Thursday, December 20, 2012

Tale of the Comeback Kid: Procainamide in the ED

It seems as though the traditional "go-to" management of atrial fibrillation in the setting of rapid ventricular response in the emergency department involves rate control and anticoagulation.

Can we break this tradition and consider alternative therapeutic management in certain subpopulations of patients with dysrhythmias?

Recently, there has been some discussion regarding the use of rhythm control for new-onset atrial fibrillation, particularly procainamide, which used to be used back in the day and has started to make a comeback.

You may ask why. Here's the story of the revived interest in the emergent use of procainamide in recent-onset atrial fibrillation as well as other dysrhythmias:

The Procainamide Comeback: Blasts from the Past and Hints for the Future
Indication
Recommendation
Proof
Conversion of recent-onset atrial fibrillation
Class Ia recommendation for our northern neighbors in Canada
·         One study demonstrated conversion rate of new-onset atrial fibrillation with the use of IV procainamide in nearly 52% of all patients.
·         Another study demonstrated 59.9% conversion rate in patients treated with IV procainamide using the Ottawa Protocol.
Wide-complex atrial fibrillation associated with Wolff-Parkinson-White (WPW) syndrome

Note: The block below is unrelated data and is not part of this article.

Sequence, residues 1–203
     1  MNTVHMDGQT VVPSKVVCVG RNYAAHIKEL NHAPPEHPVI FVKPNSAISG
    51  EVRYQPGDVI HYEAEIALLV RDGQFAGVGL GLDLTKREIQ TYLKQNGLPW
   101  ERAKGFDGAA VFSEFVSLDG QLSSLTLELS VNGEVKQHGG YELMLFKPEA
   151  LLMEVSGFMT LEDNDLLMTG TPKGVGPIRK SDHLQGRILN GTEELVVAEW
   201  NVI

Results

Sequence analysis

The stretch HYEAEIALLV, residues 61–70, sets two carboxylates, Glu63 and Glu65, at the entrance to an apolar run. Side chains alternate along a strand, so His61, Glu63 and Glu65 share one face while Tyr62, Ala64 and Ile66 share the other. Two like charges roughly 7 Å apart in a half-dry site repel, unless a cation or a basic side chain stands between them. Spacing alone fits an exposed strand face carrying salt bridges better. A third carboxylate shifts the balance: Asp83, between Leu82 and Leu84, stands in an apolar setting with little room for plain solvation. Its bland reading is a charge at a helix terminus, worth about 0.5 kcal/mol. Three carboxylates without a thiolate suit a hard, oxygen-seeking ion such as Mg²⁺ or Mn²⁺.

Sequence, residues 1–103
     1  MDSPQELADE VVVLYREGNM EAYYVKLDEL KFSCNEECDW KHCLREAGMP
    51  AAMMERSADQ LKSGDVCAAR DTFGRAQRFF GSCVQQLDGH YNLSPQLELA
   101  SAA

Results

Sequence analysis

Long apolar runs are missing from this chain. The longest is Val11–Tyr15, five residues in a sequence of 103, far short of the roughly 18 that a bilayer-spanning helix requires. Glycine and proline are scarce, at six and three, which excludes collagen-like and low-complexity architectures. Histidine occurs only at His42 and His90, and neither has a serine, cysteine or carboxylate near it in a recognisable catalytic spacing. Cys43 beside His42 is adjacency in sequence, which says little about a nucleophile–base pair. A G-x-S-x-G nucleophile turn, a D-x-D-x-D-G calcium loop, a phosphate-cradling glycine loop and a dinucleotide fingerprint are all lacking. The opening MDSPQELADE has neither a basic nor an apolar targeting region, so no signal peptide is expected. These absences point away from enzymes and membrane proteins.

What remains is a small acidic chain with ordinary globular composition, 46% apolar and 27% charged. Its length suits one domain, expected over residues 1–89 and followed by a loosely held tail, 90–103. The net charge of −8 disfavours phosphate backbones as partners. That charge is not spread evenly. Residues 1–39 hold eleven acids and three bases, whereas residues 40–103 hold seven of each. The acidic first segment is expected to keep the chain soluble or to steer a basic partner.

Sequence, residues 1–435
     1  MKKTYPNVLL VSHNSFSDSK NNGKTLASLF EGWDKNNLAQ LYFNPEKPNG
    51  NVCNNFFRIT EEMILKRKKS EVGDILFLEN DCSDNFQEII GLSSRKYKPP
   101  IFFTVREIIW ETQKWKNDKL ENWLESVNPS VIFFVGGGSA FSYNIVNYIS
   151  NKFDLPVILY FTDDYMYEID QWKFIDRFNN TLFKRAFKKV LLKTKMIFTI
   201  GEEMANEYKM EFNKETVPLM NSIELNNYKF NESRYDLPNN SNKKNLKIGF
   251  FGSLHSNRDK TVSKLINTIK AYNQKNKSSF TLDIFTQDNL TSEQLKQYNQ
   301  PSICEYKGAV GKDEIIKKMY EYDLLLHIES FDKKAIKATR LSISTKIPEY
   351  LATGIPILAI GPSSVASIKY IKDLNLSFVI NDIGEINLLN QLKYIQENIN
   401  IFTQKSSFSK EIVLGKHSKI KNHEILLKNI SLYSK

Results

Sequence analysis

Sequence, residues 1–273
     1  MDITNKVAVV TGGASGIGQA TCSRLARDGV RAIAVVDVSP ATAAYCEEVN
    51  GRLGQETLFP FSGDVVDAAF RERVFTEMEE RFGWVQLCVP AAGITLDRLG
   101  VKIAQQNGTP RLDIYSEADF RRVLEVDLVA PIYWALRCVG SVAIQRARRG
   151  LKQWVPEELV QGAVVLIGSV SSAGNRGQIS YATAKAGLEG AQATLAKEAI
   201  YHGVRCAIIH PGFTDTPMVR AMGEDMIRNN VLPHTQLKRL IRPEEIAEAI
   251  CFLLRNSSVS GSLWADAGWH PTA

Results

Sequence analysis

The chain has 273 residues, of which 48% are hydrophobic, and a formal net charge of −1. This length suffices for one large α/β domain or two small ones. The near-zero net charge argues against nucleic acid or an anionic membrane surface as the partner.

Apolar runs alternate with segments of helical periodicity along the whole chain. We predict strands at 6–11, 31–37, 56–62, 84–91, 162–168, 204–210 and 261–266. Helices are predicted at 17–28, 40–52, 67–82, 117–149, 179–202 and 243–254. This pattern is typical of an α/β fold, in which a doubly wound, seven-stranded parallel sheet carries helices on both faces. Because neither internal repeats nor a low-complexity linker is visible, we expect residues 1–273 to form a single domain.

Class I recommendation for management of atrial fibrillation in the setting of WPW as of 2011 ACCF/AHA/HRS guidelines
·         A review of various studies show amiodarone to not be the preferred treatment option for atrial fibrillation associated with WPW due to inducible proarrhythmias
·         Incidence was less with procainamide.
Stable monomorphic ventricular tachycardia
Class IIa recommendation (preferred over amiodarone [Class IIb]) based on 2010 AHA guidelines
·         One study demonstrated superiority of IV procainamide over IV lidocaine in terminating episodes of stable monomorphic ventricular tachycardia (79% versus 19%).

Interestingly enough, the Canadians seem to have a lot more to offer in terms of evidence surrounding the use of procainamide in the emergency department; perhaps we can adopt this practice more routinely when the situation arises.

To complete the preparation for the comeback of procainamide, let us now retrieve that vial sitting all the way in the back corner of the top shelf in your pharmacy and review the dosing just for kicks:

The loading dose of procainamide can be administered in a number of ways:
  • 20 to 50 mg/min IV OR 100 mg IV at a rate not exceeding 50 mg/min repeated every five minutes as needed to a total dose of 1 g
    • When a total of 500 mg has been given, one should wait ten minutes before continuing with administration to prevent profound hypotension.
  • Infusion of 17 mg/kg IV over one hour
    • In patients with renal dysfunction or congestive heart failure, loading dose should not exceed 12 mg/kg.
The maintenance dose of procainamide typically ranges between 1 and 4 mg/min administered via continuous IV infusion.

Procainamide is looking to redeem itself for use in the ED...are you up to the challenge?